Tuesday, July 08, 2008


Since we're past the Fourth of July and the summer season has officially started, what are your plans for the summer? Vacations, trips? Trips that involve reading? Reading plans? If you're going somewhere, do you do any reading to prepare? Do you read local literature as part of your trip? Have you thought about using the LT Local feature to help plan your book-buying?

We don’t have any exciting travel plans scheduled for the summer. We went to California for a vacation in May and just got back from a five day weekend diving in St. Eustatius. I may try and fit in some family obligations this summer in Nebraska and upstate New York but work is very busy and I don’t know if I will be able to get away.

I don’t have any specific reading plans for the summer but I tend to think of the classics as summer reading. When I was in college I often took a literature course or two when I was home during the summer for fun and to rack up a couple extra credits so when I think of D.H. Lawrence, Henry James, Theodore Dreiser and Willa Cather I associate them with summer time. I may not read any classics this summer but as it gets hotter and hotter I tend to read more. Instead of feeling compelled to do chores and be productive with my spare time, keeping cool becomes an actual activity and lounging by the pool with a good book becomes justified indolence.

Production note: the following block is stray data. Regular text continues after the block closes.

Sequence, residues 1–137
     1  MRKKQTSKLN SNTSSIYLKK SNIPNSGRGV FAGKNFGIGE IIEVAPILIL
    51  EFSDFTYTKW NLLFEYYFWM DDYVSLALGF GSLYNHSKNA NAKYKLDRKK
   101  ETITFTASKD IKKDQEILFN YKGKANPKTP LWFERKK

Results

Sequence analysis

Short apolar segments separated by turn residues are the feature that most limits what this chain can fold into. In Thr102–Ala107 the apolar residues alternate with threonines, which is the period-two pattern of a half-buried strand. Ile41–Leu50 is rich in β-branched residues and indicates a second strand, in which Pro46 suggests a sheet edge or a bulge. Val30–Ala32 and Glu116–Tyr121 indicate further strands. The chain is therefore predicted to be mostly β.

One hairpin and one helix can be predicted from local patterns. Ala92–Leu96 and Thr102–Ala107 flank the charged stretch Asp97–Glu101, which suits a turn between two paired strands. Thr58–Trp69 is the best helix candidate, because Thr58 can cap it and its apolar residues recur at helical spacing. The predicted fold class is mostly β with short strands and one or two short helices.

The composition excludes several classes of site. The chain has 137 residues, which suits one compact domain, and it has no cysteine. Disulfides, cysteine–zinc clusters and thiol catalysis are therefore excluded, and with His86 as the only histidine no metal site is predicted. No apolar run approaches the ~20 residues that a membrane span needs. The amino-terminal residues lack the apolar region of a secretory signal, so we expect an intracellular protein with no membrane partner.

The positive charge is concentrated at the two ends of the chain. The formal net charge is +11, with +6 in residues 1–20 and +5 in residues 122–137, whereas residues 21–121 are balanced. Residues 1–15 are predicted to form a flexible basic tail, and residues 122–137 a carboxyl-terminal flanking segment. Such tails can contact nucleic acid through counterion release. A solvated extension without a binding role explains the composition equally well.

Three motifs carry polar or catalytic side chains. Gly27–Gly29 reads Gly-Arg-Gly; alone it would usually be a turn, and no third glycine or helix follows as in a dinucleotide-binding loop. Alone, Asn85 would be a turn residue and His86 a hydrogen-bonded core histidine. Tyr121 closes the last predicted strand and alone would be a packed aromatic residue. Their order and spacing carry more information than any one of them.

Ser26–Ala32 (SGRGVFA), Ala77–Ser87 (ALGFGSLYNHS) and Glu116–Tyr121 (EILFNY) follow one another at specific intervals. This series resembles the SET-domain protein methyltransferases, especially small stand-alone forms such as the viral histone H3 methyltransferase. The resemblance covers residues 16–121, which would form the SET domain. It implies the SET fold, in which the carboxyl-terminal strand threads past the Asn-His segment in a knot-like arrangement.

When I do travel I always try and read a few books set in my destination before the trip. Before our trip to India last fall I read Shantaram by Gregory David Roberts and Shalimar the Clown by Salman Rushdie. Before visiting Vietnam I read the Quiet American by Graham Greene, Catfish and Mandala by Andrew Pham and Paradise of the Blind by Duong Thu Huong. Before I visited Peru I read the Bridge of San Luis Rey by Thorton Wilder, Celestine Prophecy by James Redfield and the Puma’s Shadow by A.B. Daniel, a fictionalized story about the Incas. It can sometimes be hard to find fiction set in the location that you are visiting but usually Lonely Planet guides have a small section on further reading and Longitude Books ( A web site of “Recommended Reading for Travelers”) often has good ideas.

I have tried the LT local feature and have not found it helpful. I don’t tend to read much while I am actually traveling but do take my ipod with audio books for the plane rides.

1 comment:

Kathleen said...

I haven't found the LT local feature helpful yet either... but maybe one of these days I'll make a great find :)